A group of visiting Japanese flour millers told reporters in September they will not buy biotech wheat if it is commercialized regardless of whether Japan's government approves it as safe for food production.

Similarly, a delegation of South Korean wheat millers said in May they will boycott biotech wheat when or if it is commercially produced in the U.S. due to strong consumer opposition to genetically modified food.

Monsanto will likely seek approval from the Japanese government for the product this year, according to Michael Doane, head of wheat industry affairs for the company, and that would mark the completion of the company's submissions to all three of the countries - the U.S., Canada and Japan - from which Monsanto has pledged to get approval before it commercializes the wheat.

In June, USDA said it found one or more deficiencies in Monsanto's petition for approval of biotech wheat, delaying USDA's deregulation of the product.

In listing the benefits of Roundup Ready wheat to farmers, Monsanto includes: "broad spectrum weed control, increased crop safety, increased yield, cleaner grain, simplified weed management, conservation-tillage enhancement."

Related news release:

Contacts: WORC - Kevin Dowling, 406-252-9672, or Jeri Lynn Bakken, 701-376-7077
Tom Wiley, 202-903-5111 until Nov. 20, or 701-489-3498

Miami, Fla. – A North Dakota farmer told international trade officials today that premature release of commercial genetically modified (GM) wheat would devastate America’s wheat farmers.

Tom Wiley, from Montpelier, N.D., was participating in a U.S. Trade Representative’s panel, Trade, Agriculture and Genetic Engineering, as part of the events before the start of the Free Trade Area of the Americas ministerial meeting in Miami, November 20-21.

Wiley said a study recently released by WORC shows that a premature release of GM wheat, release before importing countries will accept it, would cause a 50% drop in exports of hard red spring wheat.

“The price we would receive for our principal crop would drop to feed wheat prices,” Wiley said.

North Dakota grows 250 million bushels of spring wheat annually and exports half of the crop. Over half of the exports goes to Japan, Korea, and Taiwan. Wiley said wheat buyers from these countries toured North Dakota last summer and told growers that they did not want GM wheat.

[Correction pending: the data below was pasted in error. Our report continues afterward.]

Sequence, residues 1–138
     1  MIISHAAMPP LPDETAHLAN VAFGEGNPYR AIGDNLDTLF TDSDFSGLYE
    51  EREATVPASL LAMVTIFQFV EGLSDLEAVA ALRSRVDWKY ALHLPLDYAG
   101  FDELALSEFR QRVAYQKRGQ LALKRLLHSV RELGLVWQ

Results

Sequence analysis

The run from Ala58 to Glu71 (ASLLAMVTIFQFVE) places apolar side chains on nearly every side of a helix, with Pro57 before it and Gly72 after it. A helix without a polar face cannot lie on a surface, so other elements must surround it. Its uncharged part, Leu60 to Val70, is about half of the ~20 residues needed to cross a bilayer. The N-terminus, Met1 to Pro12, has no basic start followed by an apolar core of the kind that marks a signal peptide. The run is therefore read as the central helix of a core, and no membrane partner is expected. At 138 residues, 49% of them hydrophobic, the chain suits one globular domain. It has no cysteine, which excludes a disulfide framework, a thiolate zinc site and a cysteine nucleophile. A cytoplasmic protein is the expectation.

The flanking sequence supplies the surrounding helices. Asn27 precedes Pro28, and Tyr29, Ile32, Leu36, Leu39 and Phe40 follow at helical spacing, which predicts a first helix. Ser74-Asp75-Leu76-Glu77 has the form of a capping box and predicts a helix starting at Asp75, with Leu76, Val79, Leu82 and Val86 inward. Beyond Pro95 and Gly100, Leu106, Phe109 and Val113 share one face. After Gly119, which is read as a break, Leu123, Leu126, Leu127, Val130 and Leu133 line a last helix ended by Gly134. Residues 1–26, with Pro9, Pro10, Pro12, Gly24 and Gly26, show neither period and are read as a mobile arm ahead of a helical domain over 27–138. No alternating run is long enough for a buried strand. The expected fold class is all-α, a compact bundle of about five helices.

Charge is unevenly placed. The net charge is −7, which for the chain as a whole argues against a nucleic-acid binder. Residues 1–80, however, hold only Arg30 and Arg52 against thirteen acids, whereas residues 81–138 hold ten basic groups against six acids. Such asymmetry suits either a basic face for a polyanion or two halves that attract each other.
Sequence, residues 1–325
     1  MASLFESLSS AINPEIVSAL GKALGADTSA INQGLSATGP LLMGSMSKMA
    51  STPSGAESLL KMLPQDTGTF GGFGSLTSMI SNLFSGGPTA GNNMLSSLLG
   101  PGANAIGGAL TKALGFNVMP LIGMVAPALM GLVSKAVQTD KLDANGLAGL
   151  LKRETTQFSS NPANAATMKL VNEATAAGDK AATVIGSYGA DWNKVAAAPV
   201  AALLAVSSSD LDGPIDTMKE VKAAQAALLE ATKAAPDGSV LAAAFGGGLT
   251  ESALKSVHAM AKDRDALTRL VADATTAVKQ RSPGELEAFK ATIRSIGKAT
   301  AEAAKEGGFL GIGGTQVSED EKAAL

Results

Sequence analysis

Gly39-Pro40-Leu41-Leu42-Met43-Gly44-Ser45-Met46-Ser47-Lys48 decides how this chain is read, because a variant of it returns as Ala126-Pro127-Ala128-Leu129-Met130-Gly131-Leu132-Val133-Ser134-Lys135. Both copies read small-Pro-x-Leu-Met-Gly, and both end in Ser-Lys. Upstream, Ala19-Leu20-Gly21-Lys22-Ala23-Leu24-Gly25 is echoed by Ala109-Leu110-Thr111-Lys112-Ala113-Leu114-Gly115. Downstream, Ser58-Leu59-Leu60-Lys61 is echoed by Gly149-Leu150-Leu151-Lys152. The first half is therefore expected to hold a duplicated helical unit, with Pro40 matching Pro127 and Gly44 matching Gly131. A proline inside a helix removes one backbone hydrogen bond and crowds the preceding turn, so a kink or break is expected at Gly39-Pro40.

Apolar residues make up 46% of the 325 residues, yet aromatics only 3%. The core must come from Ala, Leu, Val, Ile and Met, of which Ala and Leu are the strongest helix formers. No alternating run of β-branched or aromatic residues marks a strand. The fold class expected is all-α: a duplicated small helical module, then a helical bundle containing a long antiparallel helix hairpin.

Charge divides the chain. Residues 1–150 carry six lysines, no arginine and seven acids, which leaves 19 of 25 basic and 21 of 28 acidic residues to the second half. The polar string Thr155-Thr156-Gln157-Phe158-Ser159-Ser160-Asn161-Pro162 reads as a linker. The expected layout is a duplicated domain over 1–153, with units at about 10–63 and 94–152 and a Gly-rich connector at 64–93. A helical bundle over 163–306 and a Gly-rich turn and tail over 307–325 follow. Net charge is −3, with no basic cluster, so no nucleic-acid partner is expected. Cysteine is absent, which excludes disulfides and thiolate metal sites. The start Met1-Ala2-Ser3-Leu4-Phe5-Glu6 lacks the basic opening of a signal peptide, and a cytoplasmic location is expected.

Wiley also cited other problems with GM crops, including the right to save seeds and contamination of conventional crops.

Wiley said that because companies hold patents on GM seeds, farmers are not allowed to save seed from GM crops for use the next year.

“Saving seed is a farmer’s instinct, his duty, and his right,” Wiley said. “Telling a farmer that he no longer has the right to save seeds is unjust.”

Three years ago, GM soybeans contaminated Wiley’s conventional soybeans and cost him about $10,000 in a lost contract to a Japanese buyer.

“If one farmer plants a genetically modified crop and the farmer on the other side of the section line plants a conventional crop, it is only a matter of time before the GM genes are in the conventional farmer’s grain,” he said. “I call this ‘contamination.’ Monsanto calls it ‘adventitious presence.’ My elevator manager calls it a ‘marketing disaster.’”

Wiley grows hard red spring wheat, conventional soybeans, corn and cattle. Wiley represented WORC, a regional network of grassroots community organizations, on the panel.

Wiley called on world leaders to protect the rights of farmers.

“We have fed the world from the beginning of time,” he said. “Please let us continue to do so.”


Wiley’s Full Statement Available at: http://www.worc.org